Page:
But what if I’d rather work less and see my kids more? What if I’d rather have more time to spend pursuing creative outlets, like this blog? And what if we wanted to go on that ski vacation for $10,000?
These would all constitute significant detours to hitting my FI number, but it very might be worth it. After all, the last couple of weeks have taught me that there aren’t endless chances to see loved ones. Whether it’s the inexorable passage of time or an unexpected illness, life may be shorter than we realize. Unfortunately, if we make the wrong choices today, we can’t just flip over the hourglass of our lives and regain that lost time.
So what did we decide about the ski trip? We decided to skip it. While we’d love to spend time with the sister-in-law’s family, we’re going to figure out a more cost effective way to do it.
I’m not sure if I’m consciously choosing every single detour on the road to financial independence. The important thing is that now, my eyes are open. I’m not content anymore to shuffle down some prescribed path until I retire at 65 or keel over on my own exam table. I can’t prevent random trials that life may throw my way, but I can certainly live with intentionality.
Through careful planning, I’m going to create a life where I have the freedom to retire if I so choose. I will see my close family and friends more. I will create a financial bedrock to prevent the debilitating stress of financial instability for my family and future generations to come.
I can’t say that I have it all figured out just yet, but I can say that I promise to bring you along for the ride as I evolve towards a state of greater intentionality and control over my destiny.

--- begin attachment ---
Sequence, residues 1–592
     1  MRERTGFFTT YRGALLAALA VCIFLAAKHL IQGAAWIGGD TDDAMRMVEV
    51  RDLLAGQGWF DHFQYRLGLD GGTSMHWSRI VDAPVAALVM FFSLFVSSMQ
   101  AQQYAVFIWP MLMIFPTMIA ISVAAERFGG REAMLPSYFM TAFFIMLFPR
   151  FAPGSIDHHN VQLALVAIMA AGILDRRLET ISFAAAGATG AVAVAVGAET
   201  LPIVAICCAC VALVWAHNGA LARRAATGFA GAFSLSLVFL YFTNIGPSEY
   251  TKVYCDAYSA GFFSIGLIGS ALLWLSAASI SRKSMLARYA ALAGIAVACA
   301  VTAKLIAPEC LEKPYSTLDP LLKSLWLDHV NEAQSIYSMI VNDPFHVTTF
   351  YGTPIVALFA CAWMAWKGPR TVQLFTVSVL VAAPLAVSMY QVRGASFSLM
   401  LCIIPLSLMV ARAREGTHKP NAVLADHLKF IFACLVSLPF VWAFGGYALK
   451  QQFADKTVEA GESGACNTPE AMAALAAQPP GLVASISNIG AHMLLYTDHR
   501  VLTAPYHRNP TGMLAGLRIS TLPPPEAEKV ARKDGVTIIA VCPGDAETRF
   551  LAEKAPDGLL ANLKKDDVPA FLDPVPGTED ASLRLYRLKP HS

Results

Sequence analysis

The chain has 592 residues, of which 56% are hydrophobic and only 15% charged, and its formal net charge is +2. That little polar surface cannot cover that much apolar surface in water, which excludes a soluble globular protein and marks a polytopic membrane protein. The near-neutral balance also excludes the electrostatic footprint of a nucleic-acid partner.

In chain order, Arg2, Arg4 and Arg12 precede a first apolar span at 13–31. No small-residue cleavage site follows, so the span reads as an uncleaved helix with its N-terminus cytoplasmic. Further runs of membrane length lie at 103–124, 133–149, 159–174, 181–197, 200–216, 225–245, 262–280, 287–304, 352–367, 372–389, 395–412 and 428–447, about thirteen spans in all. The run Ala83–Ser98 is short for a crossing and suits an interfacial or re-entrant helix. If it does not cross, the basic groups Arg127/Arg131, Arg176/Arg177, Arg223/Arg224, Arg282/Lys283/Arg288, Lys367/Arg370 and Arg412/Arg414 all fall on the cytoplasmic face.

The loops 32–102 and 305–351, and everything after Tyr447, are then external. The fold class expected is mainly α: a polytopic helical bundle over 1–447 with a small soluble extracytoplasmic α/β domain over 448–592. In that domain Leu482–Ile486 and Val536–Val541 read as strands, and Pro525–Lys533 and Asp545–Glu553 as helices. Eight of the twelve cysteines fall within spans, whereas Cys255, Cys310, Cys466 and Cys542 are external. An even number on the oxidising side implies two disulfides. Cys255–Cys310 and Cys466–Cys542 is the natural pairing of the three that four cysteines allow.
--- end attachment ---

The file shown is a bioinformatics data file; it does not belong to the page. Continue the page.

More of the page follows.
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Loved this one, TDD.
Our time is very limited, and as you realized, those friends flung across the country are going to have limited face-to-face moments in coming years for connection. How do you optimize and prioritize them?
Just having those conversations with your wife makes a huge impact on living intentionally. Will the next family trip be to visit an old college friend? How can you make memories with your sister-in-law without breaking the budget?
Each time you tweak the road to FI to encompass these priorities, it reinforces the end-goal: allocating your time with the most important people.
As for the crazy schedule out of the gate – it’s common to front-load those commitments. Once you reach partner, you will have greater control over what additional commitments you accept.
Thanks for your thoughts, CD. They are always welcome.
Already the Dr-ess and I find ourselves looking for ways to create more novelty and camaraderie in our vacations and weekends, as opposed to just using this time for vegetation.
We’ve realized that each opportunity is precious, and may never return.
“Living intentionally.” This truly seems like the way to do it.